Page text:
Handling Impediments: Deciding on the Actions

Impediment Deciding ActionsAfter you’ve come up with several solutions to deal with an impediment, the next step is to decide which actions you will do with your team to solve it. Let’s dive into who decides to take action and explore different approaches for how agile teams can decide.

This is the fifth post in the series on handling impediments. In previous posts I explored why agile teams need to be able to deal with impediments, how you can recognize problems, what you can do to get a shared understanding of a problem in the team, and how you can find effective solution for solving impediments.

Who decides

Since agile values teams and teamworking, it should be the team who decides on the actions that will be done. Not a project manager or line manager, and also not their Product Owner.

It can be the whole team, or Scrum master together with one or more team members, depending on the impact of the decision and whether the buy in from team members is needed to get the actions done by the team. When in doubt, my suggestion is involve everybody!

A practical approach to get the team to decide on taking action is to raise the need for a decision during for instance the daily stand up or in a retrospective. The whole team is present at such occasions, which makes it easier to reach agreement and ensure that the decision is supported by all team members and will be executed by them.

How to decide

Most people think that consensus is the way that teams should decide. As often in agile there is no single best way.  It would be great if consensus can be reached, alternatively teams can take a decision based upon consent or agree that the decision will be made by a committee of team members.

Deciding by consent implies that if there is no major objection to a decision by any team member then the decision is accepted. It’s a way to take the best possible decision under given conditions. The consent principle is often used in sociocracy: “a whole systems governance method that makes collaboration, self-organization, and distributed authority practical and effective” (source: sociocracy.info).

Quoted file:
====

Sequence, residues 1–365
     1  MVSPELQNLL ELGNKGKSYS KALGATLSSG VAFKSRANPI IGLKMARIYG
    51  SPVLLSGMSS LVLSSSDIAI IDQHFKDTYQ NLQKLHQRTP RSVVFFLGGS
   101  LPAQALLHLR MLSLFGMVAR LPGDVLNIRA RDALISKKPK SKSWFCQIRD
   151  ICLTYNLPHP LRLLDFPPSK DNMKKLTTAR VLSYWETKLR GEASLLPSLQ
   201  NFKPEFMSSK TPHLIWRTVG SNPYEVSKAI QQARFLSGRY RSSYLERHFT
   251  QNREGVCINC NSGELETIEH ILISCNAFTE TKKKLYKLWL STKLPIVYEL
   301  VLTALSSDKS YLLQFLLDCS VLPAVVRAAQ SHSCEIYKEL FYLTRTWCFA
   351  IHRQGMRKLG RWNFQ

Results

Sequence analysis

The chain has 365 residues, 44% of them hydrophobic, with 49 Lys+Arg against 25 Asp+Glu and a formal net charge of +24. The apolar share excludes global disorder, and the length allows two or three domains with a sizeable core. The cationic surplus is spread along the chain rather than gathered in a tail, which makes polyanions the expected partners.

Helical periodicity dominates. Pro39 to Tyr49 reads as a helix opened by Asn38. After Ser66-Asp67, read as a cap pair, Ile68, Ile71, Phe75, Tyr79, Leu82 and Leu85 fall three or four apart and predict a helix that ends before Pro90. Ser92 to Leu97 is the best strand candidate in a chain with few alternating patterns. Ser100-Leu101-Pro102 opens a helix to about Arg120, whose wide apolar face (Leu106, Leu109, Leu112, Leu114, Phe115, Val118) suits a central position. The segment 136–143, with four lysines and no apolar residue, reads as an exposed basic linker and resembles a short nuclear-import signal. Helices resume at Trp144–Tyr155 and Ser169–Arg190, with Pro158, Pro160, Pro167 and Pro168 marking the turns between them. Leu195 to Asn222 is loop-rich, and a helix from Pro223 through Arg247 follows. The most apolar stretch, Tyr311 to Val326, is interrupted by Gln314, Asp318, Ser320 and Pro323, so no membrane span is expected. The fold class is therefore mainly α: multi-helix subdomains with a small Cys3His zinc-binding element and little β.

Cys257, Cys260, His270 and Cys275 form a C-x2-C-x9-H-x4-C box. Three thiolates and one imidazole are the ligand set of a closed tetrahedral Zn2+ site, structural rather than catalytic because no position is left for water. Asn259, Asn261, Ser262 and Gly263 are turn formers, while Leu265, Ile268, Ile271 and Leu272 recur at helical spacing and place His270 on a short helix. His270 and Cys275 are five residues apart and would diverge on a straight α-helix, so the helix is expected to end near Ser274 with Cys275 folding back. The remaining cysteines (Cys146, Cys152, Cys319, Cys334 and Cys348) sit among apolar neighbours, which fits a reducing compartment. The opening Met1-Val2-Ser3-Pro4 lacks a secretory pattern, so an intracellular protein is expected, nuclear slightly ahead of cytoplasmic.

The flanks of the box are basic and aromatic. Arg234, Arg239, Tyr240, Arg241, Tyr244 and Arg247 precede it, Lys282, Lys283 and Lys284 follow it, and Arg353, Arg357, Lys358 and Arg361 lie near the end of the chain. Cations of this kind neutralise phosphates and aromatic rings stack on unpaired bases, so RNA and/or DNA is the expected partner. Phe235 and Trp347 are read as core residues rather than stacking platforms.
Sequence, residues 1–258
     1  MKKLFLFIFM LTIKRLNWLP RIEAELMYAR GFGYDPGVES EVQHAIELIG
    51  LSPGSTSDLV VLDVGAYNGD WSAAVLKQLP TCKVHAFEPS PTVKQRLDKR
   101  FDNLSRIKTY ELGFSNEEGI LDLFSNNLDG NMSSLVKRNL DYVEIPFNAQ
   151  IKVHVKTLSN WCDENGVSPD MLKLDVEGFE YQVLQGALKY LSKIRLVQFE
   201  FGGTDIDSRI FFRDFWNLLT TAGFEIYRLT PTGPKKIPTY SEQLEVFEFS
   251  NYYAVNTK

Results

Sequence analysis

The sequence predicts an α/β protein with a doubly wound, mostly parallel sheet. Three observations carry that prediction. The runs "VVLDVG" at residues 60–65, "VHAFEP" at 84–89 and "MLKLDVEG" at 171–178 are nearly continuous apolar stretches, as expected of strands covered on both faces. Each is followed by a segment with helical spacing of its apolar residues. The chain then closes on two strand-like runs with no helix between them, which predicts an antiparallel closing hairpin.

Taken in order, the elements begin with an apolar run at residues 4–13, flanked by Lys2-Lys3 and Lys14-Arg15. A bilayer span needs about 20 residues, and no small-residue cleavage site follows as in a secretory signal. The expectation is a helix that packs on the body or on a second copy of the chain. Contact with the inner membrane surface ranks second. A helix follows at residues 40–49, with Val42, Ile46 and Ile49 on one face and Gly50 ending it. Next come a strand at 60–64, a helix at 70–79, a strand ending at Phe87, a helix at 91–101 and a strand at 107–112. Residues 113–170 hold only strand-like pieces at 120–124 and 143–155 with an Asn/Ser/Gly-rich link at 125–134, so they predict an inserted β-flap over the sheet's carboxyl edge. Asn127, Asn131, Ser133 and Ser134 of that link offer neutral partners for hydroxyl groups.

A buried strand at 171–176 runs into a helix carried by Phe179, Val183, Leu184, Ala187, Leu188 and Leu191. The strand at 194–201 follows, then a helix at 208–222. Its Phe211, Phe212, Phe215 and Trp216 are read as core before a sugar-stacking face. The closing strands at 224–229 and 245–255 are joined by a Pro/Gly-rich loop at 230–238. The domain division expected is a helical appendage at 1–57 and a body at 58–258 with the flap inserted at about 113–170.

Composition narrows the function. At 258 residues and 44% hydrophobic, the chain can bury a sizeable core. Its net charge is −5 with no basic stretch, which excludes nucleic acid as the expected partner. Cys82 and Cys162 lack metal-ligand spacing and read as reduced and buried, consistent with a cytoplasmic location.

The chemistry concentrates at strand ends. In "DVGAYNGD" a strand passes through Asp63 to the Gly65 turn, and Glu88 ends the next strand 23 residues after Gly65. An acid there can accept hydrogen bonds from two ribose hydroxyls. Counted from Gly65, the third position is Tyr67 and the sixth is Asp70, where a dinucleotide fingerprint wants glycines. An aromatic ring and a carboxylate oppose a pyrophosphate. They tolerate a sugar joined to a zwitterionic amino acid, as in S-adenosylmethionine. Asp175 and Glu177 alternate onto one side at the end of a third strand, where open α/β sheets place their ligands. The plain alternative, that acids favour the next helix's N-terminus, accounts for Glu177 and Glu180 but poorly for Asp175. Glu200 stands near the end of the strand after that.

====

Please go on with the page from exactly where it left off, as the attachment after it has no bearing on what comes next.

A practical and quick way to reach a consent decision is thumb voting. Thumb up means that a person agrees, thumb sideways means that they go along with whatever the team decides, and thumb down means that they disagree. If nobody disagrees and most members of the team support the decision with a thumb up, you can assume that the whole team supports the decision.

Sometimes further investigation is needed before a decision to take action can be done. In such cases a team can decide to establish a committee with one or more team members which will explore the viability and consequences of specific actions before deciding. The team can agree to leave the final decision up to the committee, or ask the committee to report back and then decide as a team.

Deciding to take action

Explicit and clear decisions to take action help agile teams to effectively deal with impediments. To make sure that the actions will be done by the team you need to choose how the team decides. Stay tuned for a next blog post on … taking action!

Ben Linders

I help organizations with effective software development and management practices. Active member of several networks on Agile, Lean and Quality, and a frequent speaker and writer.

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